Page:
Almost everything in our digital world was questioned, if not flipped upside down, this past year. What hasn’t changed is the conversation around mobile marketing metrics. By and large, the typical mobile marketing reporting dashboard looks the same as it did eight years ago: Revenue is king, downloads are queen, and app store optimization is a one-and-done game of keywords. But are these the metrics that really speak to mobile marketing performance in 2021? Can a static dashboard do justice to a dynamic industry?
We say, it’s time for a change. Sure, the mobile marketing metrics of old are far from broken, but that doesn’t mean they can’t be improved. An over-reliance on traditional metrics may cost mobile marketers missed opportunities and a sacrificed ROI, especially as mobile continues to solidify as a leading channel across all industries.
To better guide your mobile marketing decision-making, we’ve identified six alternative mobile marketing metrics that speak to the current state of the mobile app industry. Read on to build a reporting dashboard capable of measuring whatever the new year throws at you.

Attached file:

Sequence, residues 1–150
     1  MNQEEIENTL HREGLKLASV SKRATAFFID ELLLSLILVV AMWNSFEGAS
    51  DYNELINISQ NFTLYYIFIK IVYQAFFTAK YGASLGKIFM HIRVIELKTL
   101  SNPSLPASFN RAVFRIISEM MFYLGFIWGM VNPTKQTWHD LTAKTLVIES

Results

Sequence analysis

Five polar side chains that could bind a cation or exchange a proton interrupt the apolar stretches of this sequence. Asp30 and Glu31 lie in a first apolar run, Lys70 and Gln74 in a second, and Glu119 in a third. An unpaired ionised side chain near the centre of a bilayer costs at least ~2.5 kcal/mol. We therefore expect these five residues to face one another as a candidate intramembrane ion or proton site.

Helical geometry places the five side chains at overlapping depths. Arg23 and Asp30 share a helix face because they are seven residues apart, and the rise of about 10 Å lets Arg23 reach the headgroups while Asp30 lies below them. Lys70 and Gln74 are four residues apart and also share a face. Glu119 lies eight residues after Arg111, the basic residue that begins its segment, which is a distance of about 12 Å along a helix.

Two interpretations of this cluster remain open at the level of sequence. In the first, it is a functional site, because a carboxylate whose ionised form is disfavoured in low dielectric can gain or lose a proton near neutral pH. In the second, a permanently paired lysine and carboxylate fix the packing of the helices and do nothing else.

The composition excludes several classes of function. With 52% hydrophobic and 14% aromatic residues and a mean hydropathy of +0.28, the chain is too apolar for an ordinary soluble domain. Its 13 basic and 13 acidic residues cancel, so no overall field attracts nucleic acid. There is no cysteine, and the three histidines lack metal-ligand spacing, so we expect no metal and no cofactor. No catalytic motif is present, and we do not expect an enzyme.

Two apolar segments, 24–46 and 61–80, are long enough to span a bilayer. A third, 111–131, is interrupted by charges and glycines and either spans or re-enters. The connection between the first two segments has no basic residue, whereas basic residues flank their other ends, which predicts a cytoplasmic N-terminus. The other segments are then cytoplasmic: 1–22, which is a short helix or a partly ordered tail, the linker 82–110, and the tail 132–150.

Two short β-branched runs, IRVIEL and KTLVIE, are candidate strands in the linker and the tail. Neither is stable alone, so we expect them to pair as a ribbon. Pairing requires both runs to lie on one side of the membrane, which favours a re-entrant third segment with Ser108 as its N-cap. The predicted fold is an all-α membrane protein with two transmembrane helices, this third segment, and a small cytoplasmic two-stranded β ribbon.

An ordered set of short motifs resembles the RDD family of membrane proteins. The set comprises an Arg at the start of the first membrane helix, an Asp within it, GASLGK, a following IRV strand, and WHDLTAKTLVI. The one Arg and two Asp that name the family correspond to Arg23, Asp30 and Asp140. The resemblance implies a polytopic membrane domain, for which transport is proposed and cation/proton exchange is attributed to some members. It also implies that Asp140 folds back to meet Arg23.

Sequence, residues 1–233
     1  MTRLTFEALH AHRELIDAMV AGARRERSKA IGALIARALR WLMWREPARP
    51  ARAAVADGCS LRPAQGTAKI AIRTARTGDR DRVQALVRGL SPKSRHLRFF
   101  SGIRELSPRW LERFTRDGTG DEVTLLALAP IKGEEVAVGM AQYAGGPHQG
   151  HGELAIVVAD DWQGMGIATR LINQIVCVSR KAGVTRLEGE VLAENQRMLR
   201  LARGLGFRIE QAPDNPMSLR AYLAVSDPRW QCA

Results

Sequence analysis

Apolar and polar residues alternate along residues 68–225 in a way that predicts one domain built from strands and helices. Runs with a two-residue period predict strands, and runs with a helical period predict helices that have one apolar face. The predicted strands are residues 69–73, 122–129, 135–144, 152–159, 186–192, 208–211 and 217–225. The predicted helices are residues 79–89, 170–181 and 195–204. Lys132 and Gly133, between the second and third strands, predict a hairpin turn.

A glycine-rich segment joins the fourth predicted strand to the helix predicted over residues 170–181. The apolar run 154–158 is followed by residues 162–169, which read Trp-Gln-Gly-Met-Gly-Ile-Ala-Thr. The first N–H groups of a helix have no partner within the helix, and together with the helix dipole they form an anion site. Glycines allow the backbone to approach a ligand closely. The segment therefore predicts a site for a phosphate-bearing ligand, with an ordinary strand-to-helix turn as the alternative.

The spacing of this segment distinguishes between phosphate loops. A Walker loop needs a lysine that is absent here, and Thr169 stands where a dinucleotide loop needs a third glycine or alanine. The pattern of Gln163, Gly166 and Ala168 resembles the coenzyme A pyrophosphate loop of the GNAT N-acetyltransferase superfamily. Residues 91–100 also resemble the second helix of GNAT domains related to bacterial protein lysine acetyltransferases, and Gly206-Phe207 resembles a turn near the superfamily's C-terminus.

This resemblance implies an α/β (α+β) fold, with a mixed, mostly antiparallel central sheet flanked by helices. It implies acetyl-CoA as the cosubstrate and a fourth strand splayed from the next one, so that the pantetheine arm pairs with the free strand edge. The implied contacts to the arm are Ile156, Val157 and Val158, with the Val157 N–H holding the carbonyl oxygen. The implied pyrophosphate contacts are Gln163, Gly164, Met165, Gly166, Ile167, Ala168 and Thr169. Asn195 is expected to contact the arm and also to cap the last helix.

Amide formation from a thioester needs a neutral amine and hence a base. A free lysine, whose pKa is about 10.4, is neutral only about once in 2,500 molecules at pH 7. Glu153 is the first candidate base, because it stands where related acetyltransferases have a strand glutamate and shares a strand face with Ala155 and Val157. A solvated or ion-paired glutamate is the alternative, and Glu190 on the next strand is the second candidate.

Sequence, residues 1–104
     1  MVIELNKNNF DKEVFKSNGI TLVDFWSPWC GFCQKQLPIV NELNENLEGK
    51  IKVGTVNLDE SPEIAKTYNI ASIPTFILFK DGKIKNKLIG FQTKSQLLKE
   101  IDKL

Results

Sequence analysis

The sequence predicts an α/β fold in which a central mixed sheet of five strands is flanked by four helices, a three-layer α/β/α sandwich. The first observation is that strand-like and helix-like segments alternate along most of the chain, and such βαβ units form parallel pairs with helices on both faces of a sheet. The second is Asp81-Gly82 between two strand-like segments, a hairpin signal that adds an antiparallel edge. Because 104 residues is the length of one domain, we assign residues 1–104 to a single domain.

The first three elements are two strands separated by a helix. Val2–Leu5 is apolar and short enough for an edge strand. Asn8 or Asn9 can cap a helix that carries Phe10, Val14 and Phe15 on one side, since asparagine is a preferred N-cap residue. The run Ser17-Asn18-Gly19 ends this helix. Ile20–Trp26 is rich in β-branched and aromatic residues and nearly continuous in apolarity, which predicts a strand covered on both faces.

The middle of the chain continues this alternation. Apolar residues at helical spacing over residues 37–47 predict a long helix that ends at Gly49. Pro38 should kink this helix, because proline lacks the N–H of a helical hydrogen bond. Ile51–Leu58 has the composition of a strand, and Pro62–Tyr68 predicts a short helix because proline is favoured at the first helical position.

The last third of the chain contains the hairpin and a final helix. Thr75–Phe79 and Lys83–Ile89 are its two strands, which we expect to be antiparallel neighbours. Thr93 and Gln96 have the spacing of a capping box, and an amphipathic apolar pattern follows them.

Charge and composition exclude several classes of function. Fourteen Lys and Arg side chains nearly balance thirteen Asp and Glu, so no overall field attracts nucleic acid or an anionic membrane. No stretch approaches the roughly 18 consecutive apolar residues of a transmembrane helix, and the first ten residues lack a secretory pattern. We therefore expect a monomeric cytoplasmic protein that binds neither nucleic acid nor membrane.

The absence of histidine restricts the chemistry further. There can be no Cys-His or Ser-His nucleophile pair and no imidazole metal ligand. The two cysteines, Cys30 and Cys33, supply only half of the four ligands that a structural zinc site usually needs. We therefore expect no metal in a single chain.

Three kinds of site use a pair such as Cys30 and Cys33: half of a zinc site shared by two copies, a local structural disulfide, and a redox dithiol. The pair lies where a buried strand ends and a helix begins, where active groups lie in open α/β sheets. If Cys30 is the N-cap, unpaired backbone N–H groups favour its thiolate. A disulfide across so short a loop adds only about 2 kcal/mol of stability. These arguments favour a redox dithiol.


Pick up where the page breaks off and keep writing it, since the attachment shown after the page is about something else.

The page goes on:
Out with the old, in with the new!
Six Mobile Marketing Metrics Worth Adopting, and Six Worth Ditching
1. Uninstalls, Not Installs
Traditionally, installs (or downloads, or registrations) have stood out as the chief KPI of any mobile app marketing campaign. Yet, with everything we now know about an app’s retention, usage, and monetization, installs are no longer the be-all, end-all that they were in the early days of the App Store. Let’s say farewell to installs and welcome in a more powerful metric: uninstalls.
Where installs fall short
At its core, installs are an acquisition metric. The figure tells you how many people have discovered your app and proceeded to download and subsequently install it. It’s a pretty straightforward metric and provides some considerable (albeit assumptive) insights into competitive advantage and sustainability:
- If you have more installs than your competitor, you’re in good shape.